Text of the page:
Thomson, Pace seek DTA waivers from FCC

Fri, 06/19/2009 - 8:30am
Mike Robuck

Add Thomson and Pace to the list of companies that are seeking waivers for their digital terminal adapters (DTAs) from the Federal Communications Commission.

Like Cisco and Motorola (story here), Pace and Thomson filed for the waivers after Evolution Broadband was granted its three-year waiver earlier this month for its DMS-1002 and DMS-1002 CA boxes with DTAs, which have a price range of $44-$50 per box (story here).

Evolution’s waiver request was the first of its kind at the time, since it was an equipment vendor rather than a cable operator seeking exemption from the integrated set-top box decree by the FCC that went into effect in July of 2007.

The waiver allows Evolution to sell its boxes without the more expensive CableCards that were required by the separable security mandate.

In the FCC’s Evolution ruling, it said it would expedite similar waiver requests from other DTA vendors, which include Cisco, Motorola, Thomson and Pace, in order to meet the “low-cost, limited-capability” standard set forth in the FCC’s 2005 Deferral Order.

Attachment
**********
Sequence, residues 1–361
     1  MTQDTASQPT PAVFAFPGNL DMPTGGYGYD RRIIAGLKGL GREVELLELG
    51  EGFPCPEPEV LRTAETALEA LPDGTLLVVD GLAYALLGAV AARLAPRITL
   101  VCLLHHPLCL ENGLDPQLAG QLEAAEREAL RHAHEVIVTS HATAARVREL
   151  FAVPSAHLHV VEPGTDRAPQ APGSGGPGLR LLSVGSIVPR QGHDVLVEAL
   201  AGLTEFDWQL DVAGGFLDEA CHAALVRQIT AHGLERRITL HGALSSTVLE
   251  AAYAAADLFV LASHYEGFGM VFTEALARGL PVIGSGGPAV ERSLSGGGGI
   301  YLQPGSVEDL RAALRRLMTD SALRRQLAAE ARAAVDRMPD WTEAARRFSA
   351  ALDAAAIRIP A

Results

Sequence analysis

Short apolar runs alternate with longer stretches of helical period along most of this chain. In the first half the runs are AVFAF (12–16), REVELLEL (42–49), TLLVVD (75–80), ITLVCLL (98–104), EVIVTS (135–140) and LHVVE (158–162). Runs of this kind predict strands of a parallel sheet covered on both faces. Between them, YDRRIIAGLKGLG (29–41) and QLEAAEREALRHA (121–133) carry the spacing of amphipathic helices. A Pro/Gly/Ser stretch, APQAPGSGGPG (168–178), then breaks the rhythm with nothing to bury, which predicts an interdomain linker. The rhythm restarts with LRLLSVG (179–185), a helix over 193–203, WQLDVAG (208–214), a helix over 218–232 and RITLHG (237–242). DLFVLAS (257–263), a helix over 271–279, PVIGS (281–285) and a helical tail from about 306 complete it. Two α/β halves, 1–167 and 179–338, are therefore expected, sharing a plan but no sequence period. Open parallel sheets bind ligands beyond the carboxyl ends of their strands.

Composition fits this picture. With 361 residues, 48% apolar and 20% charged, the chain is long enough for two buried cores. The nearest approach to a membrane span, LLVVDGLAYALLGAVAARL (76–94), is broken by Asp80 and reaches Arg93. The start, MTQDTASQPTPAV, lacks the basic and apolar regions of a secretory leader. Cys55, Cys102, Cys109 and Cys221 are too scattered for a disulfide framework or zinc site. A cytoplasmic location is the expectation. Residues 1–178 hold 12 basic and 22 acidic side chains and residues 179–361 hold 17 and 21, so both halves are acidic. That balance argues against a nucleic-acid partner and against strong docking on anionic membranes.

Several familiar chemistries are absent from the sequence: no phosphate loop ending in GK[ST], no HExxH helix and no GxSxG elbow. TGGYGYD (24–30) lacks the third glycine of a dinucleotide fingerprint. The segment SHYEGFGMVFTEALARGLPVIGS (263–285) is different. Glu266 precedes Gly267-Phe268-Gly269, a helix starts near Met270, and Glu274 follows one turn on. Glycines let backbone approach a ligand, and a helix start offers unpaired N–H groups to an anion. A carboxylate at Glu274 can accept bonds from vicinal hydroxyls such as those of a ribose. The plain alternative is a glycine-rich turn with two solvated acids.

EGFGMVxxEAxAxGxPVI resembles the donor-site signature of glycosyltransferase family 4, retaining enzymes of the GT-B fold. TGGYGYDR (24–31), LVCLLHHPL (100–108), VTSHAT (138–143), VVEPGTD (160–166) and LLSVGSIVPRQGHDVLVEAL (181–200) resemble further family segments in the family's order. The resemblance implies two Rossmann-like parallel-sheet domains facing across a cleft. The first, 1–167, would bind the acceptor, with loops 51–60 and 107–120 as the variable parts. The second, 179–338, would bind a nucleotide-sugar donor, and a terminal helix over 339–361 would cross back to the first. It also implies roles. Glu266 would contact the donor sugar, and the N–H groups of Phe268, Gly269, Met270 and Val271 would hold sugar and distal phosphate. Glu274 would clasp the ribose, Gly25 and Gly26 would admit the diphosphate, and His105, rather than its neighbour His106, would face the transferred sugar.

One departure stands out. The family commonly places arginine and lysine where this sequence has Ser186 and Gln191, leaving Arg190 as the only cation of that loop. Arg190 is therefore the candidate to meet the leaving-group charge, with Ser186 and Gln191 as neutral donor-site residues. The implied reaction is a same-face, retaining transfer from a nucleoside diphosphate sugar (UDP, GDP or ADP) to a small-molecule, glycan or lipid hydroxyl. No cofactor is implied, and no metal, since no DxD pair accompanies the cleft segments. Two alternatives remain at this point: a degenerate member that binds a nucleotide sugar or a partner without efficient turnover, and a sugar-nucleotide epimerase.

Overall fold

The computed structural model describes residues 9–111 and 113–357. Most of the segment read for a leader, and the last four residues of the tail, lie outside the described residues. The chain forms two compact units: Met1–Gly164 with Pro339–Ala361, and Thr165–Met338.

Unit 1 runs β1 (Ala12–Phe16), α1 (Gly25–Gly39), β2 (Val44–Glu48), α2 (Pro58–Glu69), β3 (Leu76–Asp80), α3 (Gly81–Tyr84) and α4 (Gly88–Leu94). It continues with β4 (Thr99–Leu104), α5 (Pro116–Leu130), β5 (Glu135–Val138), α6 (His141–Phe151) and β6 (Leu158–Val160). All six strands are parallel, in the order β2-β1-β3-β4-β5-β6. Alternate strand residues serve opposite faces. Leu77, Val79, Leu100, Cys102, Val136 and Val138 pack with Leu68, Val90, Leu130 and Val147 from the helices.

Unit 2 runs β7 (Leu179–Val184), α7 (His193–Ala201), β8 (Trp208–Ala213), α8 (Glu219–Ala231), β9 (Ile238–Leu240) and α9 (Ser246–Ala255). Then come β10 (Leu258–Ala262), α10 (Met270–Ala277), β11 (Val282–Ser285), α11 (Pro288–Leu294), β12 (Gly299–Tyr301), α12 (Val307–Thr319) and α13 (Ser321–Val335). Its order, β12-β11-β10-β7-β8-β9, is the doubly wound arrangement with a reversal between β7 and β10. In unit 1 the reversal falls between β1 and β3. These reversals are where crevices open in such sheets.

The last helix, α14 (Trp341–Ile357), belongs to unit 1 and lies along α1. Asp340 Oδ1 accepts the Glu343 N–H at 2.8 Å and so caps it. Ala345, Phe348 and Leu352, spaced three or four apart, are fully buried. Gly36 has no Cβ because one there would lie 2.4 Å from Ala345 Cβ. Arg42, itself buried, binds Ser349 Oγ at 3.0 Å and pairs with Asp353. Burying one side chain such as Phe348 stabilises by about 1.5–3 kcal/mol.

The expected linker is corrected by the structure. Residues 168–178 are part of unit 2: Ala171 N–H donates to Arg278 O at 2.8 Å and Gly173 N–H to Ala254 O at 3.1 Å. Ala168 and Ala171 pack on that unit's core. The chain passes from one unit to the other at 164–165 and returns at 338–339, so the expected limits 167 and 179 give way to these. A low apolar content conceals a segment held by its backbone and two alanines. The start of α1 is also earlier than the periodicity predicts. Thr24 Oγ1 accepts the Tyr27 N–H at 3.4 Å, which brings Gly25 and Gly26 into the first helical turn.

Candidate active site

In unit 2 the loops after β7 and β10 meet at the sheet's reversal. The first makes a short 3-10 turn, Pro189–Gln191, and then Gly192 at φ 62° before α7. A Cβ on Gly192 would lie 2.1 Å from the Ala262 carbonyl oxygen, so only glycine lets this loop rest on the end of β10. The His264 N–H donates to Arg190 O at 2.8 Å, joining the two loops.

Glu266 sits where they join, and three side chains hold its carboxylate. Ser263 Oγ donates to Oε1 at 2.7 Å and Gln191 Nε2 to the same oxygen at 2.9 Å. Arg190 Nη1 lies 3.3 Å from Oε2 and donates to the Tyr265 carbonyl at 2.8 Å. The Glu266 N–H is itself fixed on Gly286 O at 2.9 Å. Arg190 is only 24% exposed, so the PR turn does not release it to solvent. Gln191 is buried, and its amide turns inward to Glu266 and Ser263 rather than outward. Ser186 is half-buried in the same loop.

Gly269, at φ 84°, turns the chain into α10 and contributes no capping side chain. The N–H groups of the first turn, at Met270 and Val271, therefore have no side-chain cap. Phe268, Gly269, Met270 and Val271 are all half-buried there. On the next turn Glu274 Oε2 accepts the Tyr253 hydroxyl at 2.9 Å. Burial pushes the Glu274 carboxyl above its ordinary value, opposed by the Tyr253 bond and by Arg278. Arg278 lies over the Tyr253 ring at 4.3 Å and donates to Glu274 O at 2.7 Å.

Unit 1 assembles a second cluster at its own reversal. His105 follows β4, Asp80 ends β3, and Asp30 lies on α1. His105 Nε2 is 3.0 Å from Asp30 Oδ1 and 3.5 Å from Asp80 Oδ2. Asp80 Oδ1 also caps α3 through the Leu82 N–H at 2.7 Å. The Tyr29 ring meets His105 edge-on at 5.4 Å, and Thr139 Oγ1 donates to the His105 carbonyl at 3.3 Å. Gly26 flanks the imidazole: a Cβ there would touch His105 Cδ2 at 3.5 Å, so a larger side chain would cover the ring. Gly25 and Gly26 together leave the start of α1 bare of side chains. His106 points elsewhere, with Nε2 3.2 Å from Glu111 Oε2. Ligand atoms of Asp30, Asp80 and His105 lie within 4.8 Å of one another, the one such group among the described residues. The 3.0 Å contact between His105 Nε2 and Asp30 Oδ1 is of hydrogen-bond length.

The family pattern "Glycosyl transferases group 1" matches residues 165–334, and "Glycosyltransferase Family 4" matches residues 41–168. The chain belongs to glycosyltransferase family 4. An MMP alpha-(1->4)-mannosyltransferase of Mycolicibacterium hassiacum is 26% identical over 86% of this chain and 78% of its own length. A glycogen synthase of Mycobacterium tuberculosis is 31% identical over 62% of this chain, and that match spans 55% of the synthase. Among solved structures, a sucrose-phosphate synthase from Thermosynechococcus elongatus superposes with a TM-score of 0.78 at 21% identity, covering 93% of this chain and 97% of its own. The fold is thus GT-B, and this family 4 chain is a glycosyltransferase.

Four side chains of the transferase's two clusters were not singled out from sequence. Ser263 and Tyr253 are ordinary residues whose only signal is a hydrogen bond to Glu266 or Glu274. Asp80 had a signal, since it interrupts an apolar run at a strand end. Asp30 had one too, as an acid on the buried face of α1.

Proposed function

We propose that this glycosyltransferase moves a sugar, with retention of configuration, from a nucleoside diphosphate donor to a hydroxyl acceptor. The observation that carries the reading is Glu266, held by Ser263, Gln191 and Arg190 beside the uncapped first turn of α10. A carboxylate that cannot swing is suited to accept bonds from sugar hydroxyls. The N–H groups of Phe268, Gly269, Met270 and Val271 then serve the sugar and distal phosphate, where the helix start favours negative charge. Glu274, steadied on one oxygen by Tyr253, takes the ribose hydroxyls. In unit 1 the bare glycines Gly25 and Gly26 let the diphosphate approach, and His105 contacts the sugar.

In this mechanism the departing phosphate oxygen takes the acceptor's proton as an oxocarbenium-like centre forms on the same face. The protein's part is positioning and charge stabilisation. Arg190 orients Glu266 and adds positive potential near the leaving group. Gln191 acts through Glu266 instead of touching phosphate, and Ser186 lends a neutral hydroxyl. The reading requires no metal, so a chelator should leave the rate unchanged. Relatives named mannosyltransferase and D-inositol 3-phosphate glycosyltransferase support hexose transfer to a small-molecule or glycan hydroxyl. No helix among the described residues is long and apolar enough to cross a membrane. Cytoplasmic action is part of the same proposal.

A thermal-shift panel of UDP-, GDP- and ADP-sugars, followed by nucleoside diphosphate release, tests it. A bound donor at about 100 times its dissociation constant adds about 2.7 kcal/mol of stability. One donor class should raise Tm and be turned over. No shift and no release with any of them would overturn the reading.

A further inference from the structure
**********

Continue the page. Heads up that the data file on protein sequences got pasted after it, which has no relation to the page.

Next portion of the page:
On Thursday, the FCC’s Media Bureau issued notices for public comment on Pace and Thomson’s waiver requests. The public comment period lasts until June 29.

Pace filed a request for a waiver pursuant to the FCC’s streamlined process for its DC50X and DC50Xu DTAs, while Thomson filed on its DCI104 and DCI105 DTAs.

Comcast has been a big proponent of DTAs as it moves analog channels over to digital in order to reclaim bandwidth. Thomson, Pace and Motorola have provided DTAs to Comcast (story here).

Cable operators can reclaim between 250 MHz and 300 MHz in each system that goes all-digital. If a typical cable system has 79 analog channels and the operator decides to move 59 of those channels to digital, while perhaps leaving 20 or so as a life-line analog service for some select markets, it would reclaim 354 MHz.

Given 354 MHz of reclaimed spectrum in the example above – and the fact that, on average, 10 standard-definition MPEG-2 digital programs can be inserted into one 6 MHz slot – this yields enough bandwidth for nearly 590 channels.

More Broadband Direct 06/19/09:
•  Canoe Ventures suspends launch of 1st targeted ad initiative
•  Thomson, Pace seek DTA waivers from FCC
•  Congress considering online privacy legislation
•  Cable does well in business services survey
•  Comcast buys rest of cable channel from Hearst
•  Sony shareholders approve new management
•  New iPhone goes on sale with less drama
•  Broadband Briefs for 06/19/09



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